Futurism, Medicine, Parkinson's
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Interview With Chief Science Officer Of Lysosomal Therapeutics Dr. Peter Lansbury

Dr. Peter T. Lansbury, Jr., Ph.D. serves as Chief Scientific Officer at Lysosomal Therapeutics Inc. He is also Professor of Neurology at Harvard Medical School and he has served as Director of the Brigham and Women’s Hospital Morris K. Udall Center of Excellence in Parkinson’s Disease Research as well as chair of the Harvard Laboratory for Drug Discovery. For the past thirty years, Dr. Lansbury has studied the biochemical processes underlying Alzheimer’s disease, Parkinson’s disease, prion disease, and ALS, with the goal of translating this knowledge into novel medicines.

(Lysosomal Therapeutics was founded by Dr Joseph Mazzulli and Prof Dimitri Krainc (Northwestern University) in 2011. The company is focused on discovering and developing compounds that will increase the activation of the glucocerebrosidase(GBA) enzyme. Currently they are focused on Parkinson’s, for which they are developing a drug called LTI-291. Preclinical studies have shown that LTI-291 easily crosses the blood-brain-barrier and accesses the glucocerebrosidase enzyme within the brain. Lysosomal Therapeutics have partnered with the Irish Pharmaceutical company Allergan to take LTI-291 into clinical trials (Click here to see the press release). – From the Science of Parkinson’s website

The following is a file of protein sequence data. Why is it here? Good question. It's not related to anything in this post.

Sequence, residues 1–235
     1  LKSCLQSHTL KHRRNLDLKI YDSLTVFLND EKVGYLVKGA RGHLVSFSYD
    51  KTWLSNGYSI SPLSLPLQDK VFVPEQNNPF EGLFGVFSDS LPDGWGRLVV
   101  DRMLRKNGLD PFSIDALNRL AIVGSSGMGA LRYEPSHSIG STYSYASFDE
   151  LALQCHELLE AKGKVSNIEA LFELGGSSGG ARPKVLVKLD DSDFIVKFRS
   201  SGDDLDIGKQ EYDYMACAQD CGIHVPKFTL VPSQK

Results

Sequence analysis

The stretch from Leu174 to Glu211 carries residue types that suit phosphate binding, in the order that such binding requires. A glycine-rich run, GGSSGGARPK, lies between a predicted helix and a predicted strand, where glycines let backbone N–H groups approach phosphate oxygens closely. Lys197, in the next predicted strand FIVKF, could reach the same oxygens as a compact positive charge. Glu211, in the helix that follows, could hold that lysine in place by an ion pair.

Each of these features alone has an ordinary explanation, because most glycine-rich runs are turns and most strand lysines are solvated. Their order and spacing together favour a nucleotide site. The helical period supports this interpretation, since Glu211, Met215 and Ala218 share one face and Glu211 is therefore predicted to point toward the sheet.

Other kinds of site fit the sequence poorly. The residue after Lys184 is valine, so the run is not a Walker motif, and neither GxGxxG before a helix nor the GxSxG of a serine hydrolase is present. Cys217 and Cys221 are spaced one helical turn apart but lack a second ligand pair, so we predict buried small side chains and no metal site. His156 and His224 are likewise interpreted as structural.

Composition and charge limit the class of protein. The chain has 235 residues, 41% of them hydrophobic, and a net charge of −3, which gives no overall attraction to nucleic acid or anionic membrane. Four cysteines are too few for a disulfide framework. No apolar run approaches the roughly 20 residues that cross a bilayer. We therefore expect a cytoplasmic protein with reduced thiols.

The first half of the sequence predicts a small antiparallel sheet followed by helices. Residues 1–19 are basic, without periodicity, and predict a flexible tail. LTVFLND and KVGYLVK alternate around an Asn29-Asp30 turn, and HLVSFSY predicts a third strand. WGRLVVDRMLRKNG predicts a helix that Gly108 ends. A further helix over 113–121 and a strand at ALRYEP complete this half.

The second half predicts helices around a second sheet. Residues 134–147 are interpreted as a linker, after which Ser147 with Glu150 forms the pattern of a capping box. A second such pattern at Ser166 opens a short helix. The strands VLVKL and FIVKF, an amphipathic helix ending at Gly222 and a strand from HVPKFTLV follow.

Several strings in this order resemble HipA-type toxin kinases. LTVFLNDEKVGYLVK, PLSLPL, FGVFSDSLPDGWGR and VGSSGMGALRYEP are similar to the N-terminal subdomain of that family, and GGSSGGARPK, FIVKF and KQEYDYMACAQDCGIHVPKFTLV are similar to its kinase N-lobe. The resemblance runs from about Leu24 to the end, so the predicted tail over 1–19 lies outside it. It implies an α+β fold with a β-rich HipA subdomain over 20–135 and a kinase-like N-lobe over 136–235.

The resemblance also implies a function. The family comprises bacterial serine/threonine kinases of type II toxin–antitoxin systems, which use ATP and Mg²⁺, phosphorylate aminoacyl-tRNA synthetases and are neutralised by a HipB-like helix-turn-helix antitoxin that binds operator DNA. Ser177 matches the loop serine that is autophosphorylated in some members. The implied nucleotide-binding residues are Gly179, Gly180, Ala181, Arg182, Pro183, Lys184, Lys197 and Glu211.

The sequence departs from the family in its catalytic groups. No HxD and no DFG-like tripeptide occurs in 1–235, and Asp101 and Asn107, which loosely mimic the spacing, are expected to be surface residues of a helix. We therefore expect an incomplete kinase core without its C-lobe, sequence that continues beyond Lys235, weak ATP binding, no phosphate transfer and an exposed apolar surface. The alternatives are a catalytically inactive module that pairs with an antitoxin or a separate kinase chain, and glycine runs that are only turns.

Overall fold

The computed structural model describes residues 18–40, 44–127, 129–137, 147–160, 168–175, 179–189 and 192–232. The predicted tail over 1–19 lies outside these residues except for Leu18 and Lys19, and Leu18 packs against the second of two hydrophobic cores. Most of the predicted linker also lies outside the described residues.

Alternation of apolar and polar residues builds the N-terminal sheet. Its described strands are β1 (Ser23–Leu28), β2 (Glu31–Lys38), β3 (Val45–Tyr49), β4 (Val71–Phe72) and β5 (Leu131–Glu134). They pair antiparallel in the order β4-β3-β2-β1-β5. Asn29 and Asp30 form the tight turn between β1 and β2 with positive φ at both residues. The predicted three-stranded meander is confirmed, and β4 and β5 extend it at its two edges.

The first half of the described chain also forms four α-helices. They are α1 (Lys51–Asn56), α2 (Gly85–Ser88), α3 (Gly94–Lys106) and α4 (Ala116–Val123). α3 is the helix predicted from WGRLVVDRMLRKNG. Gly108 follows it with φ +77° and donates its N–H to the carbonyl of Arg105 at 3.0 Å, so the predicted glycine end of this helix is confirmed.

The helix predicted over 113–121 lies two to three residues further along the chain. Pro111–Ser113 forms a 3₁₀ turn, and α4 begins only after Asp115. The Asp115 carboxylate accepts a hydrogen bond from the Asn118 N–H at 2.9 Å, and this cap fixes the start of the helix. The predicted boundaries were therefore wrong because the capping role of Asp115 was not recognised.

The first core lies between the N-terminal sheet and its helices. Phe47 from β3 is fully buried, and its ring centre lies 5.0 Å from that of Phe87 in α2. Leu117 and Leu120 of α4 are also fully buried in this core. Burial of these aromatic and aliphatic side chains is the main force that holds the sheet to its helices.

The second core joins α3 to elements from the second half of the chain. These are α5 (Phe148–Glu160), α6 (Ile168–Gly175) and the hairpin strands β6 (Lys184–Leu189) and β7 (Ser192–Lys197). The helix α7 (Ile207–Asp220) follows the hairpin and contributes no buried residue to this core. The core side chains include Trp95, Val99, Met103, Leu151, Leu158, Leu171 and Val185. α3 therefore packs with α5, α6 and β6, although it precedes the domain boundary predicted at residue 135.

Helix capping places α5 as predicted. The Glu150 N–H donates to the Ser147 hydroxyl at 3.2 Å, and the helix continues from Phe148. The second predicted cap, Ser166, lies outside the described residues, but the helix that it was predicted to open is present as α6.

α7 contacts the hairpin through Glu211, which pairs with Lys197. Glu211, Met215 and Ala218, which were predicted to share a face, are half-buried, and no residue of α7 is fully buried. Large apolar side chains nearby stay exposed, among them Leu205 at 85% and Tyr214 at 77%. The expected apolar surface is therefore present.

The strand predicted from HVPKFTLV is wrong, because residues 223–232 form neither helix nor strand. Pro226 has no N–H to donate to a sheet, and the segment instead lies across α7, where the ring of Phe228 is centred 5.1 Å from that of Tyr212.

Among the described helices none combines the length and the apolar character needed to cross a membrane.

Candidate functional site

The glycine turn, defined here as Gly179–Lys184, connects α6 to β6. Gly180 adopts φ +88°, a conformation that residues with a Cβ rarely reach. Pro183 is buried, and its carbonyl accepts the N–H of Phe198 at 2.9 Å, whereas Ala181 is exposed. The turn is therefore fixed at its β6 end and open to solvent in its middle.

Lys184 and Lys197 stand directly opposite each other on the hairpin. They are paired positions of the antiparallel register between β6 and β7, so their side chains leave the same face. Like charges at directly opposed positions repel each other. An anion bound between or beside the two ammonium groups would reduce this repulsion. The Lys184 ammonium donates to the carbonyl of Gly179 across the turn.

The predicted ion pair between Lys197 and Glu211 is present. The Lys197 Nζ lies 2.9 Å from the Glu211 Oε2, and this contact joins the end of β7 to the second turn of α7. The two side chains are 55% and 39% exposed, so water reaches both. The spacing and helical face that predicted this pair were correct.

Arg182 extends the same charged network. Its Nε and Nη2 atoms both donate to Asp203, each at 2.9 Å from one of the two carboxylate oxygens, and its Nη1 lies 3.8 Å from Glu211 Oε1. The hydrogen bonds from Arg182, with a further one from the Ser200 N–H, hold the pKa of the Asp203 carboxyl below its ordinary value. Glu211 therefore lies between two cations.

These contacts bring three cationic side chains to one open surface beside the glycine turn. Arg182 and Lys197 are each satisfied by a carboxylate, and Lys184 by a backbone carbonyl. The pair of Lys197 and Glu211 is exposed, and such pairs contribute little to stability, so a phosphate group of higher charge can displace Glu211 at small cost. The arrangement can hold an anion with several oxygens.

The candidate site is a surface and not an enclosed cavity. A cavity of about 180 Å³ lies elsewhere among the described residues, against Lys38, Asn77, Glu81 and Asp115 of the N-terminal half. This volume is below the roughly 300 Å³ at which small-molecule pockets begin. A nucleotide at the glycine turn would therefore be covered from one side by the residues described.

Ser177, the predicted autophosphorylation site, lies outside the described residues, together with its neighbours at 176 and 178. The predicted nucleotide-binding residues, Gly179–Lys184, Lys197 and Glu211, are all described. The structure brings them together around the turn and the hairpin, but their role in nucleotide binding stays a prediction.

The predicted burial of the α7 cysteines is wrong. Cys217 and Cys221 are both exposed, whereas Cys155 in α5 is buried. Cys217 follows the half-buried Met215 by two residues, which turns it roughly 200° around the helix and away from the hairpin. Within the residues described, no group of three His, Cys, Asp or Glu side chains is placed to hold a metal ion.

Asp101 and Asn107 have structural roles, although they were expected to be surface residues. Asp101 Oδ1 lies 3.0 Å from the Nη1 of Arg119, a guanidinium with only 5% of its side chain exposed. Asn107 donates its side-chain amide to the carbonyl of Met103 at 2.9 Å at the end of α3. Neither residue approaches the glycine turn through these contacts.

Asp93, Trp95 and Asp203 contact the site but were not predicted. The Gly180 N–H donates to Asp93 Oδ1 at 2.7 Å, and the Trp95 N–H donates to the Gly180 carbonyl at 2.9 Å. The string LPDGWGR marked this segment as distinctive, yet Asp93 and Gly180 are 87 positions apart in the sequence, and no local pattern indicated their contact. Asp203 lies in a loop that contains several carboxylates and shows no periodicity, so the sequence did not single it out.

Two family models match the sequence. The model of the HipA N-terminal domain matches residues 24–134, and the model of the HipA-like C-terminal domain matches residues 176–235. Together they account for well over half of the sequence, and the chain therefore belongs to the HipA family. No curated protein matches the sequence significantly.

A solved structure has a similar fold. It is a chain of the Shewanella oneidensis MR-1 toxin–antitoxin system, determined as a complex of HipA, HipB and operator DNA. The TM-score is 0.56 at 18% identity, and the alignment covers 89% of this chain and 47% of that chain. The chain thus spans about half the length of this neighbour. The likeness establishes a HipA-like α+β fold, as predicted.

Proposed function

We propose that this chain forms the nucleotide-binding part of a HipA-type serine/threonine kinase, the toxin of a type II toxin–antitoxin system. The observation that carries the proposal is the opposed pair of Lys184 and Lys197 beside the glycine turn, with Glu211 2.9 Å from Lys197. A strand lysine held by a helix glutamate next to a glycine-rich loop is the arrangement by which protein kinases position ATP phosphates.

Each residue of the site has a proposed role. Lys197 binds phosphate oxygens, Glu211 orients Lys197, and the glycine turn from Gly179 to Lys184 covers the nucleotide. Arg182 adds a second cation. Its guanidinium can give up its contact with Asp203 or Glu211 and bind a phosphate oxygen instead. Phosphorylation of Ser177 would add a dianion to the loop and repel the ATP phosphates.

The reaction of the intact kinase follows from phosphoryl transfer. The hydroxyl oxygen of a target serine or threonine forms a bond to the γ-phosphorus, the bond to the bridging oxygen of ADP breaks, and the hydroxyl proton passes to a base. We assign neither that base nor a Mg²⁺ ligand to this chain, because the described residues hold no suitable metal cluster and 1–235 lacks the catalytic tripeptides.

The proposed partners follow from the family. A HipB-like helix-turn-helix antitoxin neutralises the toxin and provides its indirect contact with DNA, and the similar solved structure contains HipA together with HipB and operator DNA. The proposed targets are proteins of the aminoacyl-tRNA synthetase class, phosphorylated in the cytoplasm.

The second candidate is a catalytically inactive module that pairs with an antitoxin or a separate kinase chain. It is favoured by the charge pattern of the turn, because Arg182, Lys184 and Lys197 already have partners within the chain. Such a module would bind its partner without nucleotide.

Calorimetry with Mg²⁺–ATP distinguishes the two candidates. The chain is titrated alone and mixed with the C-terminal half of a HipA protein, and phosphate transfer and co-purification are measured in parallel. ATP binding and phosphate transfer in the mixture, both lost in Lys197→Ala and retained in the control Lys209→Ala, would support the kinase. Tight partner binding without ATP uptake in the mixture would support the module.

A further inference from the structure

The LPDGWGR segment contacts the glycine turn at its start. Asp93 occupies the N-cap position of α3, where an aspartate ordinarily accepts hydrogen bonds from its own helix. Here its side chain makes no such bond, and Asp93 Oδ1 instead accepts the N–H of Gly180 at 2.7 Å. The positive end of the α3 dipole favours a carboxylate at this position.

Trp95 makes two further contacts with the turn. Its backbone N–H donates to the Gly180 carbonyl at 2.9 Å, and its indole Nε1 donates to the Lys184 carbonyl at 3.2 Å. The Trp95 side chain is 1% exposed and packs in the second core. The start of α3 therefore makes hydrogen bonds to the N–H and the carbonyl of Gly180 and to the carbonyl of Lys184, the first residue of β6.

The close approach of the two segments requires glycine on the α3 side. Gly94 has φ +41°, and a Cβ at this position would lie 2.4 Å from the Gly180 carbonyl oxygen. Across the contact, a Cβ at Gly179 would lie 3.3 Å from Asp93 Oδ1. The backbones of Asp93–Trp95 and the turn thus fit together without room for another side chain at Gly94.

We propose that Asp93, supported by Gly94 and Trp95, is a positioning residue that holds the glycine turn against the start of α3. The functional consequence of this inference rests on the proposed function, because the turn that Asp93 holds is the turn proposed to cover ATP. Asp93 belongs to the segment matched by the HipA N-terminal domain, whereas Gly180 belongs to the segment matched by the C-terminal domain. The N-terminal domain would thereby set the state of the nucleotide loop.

lysosomes

Lysosomes, depicted above, are the garbage disposal unit of the cell, Source: Prezi

The following has been paraphrased from an interview with Dr. Peter Lansbury on January 29, 2018. 

(Click here for the full audio version)



How much is known about what the GBA enzyme actually does?

Well, the amount known is increasing, but the “known unknowns” are increasing at a faster rate. The more we learn about it, the more we discover other things that it could be doing. Our therapeutic strategy is focused on the known functions, but there could be functions that are not known that are responsible for Parkinson’s risk and progression that everybody is missing. I’ve been working on neurodegeneration for a long time now and what people do is they look at a mutation and its effects in a test tube, with a hypothesis in mind about what the protein it produces should be doing. Though you can’t love your hypothesis too much, at the end of the day you do have to make decisions. We think that if you increase the enzyme activity in GBA carriers it could have a therapeutic effect. So all we can do is make a molecule that is very safe, that’s well tolerated, that gets into the brain, and that increases the activity of the enzyme. Once we’ve done that then we have to run a human trial and until that is done you never really know for sure if what you are testing is going to work.

Do we have any clues as to what factors might account for the incomplete penetrance of the gene? (In other words, why do some people with the GBA mutations get Parkinson’s disease but most don’t?)